Global Mercury Reduction Agreement Reached

After four years of negotiations the United Nations Environment Program (UNEP) reached a major agreement in January 2013 to reduce global mercury emissions. Data from AANDC's Northern Contaminants Program (NCP) played a major role in shaping Canada's negotiation position, particularly with respect to emissions in the atmosphere - Canada's main priority.

Data from the Yukon will continue to play a role with this legally-binding agreement. Yukon's air monitoring station at Little Fox Lake has been collecting data on mercury (Hg) for over 25 years; it is one of only four such sites in Canada. Yukon's NCP has also been collecting data on mercury in fish since 1992; it has data from 36 lakes and two rivers. The Yukon NCP is now monitoring snow and rain samples from Little Fox Lake to provide baselines for the protocols on mercury as part of the United Nations agreement.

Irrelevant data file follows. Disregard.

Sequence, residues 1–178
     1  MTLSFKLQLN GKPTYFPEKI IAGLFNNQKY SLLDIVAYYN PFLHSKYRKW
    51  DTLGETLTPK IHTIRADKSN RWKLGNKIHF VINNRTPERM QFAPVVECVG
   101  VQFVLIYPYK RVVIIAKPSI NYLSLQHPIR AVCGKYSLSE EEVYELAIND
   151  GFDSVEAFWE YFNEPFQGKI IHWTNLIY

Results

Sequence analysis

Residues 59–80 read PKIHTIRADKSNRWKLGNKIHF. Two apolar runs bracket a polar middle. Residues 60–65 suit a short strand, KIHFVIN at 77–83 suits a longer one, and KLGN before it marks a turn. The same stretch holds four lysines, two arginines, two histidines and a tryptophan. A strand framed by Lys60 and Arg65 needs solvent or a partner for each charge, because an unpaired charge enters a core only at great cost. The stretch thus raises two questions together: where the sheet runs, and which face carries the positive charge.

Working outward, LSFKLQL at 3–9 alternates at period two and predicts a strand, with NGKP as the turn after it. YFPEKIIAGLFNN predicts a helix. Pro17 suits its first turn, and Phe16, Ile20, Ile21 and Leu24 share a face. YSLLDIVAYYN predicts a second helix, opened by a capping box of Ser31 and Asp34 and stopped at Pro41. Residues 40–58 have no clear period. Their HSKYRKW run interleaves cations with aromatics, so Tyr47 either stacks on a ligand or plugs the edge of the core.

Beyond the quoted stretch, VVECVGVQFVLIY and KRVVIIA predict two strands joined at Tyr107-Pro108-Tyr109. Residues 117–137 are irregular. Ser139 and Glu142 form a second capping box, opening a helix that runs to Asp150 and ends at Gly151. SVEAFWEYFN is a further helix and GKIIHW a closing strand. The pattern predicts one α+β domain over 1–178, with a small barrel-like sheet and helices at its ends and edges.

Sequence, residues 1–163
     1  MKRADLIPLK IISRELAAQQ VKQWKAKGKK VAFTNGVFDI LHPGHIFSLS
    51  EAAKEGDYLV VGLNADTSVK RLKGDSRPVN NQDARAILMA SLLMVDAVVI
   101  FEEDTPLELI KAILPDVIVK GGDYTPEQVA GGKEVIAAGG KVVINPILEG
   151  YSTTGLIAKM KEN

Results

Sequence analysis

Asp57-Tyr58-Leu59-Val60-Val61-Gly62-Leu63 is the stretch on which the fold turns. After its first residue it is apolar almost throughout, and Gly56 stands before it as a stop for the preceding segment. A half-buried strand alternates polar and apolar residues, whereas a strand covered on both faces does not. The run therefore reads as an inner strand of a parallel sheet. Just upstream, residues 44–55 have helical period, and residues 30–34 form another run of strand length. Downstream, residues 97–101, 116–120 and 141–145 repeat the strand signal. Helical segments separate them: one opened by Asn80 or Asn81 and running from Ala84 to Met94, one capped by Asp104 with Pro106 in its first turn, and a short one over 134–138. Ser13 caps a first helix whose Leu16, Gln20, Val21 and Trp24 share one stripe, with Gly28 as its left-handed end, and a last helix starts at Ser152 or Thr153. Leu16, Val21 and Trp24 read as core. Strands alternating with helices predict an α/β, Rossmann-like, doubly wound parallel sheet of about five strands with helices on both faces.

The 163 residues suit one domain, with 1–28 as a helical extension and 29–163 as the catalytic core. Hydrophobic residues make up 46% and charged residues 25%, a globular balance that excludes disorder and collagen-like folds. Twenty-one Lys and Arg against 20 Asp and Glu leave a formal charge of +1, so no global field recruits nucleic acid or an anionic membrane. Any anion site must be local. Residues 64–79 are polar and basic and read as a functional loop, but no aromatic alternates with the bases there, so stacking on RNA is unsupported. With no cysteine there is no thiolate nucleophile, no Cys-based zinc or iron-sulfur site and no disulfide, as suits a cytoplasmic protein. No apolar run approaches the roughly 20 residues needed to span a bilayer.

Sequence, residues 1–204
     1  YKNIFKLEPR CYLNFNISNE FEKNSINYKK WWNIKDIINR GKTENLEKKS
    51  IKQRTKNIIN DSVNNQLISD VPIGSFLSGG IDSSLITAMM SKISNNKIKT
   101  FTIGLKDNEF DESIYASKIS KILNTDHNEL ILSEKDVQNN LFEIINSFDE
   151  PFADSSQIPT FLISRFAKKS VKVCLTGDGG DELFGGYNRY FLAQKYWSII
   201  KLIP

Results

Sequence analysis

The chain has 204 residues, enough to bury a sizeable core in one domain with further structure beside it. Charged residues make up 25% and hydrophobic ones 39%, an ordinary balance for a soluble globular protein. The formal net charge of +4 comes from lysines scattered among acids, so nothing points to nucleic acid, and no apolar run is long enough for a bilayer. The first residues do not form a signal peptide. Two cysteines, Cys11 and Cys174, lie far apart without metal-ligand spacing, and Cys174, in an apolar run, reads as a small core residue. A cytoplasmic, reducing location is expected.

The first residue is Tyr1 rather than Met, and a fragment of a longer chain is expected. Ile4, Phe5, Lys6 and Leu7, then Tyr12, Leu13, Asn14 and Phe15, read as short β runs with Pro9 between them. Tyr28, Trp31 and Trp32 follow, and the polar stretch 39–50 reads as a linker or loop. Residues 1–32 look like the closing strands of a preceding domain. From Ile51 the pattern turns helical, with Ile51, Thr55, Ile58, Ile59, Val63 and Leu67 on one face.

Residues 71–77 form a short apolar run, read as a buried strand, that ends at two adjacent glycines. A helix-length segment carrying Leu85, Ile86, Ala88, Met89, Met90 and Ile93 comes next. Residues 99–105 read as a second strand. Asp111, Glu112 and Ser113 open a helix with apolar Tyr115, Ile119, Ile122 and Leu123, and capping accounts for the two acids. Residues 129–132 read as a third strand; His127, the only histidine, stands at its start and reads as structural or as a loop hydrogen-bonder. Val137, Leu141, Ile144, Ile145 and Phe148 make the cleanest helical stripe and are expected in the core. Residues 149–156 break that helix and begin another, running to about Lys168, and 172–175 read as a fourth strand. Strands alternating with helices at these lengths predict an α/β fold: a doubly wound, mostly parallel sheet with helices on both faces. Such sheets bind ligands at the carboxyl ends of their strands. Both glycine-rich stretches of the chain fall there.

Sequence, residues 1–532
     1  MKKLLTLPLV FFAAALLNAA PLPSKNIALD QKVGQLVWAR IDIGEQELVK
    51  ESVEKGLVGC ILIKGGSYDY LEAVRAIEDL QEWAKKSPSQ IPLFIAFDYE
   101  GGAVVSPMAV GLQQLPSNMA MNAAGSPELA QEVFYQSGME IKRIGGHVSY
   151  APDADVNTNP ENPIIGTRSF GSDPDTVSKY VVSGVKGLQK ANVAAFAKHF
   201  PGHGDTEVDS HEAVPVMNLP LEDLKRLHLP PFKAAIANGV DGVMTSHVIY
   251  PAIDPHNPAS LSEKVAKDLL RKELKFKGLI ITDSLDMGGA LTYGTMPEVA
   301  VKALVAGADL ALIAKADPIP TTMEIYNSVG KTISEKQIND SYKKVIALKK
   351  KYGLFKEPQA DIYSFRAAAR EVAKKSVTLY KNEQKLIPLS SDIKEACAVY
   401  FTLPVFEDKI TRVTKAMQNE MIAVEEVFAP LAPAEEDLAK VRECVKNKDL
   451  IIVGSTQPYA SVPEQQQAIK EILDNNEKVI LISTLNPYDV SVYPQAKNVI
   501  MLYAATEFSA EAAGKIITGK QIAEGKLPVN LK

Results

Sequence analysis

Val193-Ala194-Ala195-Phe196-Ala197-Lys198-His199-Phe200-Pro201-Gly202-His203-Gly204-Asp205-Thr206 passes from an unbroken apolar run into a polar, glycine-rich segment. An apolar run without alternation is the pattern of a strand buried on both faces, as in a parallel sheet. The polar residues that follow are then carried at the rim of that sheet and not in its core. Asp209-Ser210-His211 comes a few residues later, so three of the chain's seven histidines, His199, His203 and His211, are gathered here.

The United Nations agreement on mercury will result in improved health to Arctic peoples and wildlife over the long-term. It will provide greater certainty in the safety of northern country foods.

A signing ceremony, that will include Canada, is planned for October 2013 in Minamata, Japan.

The Yukon continues to look at the historical changes in mercury in Kusawa Lake and the influence of climate change on these levels.

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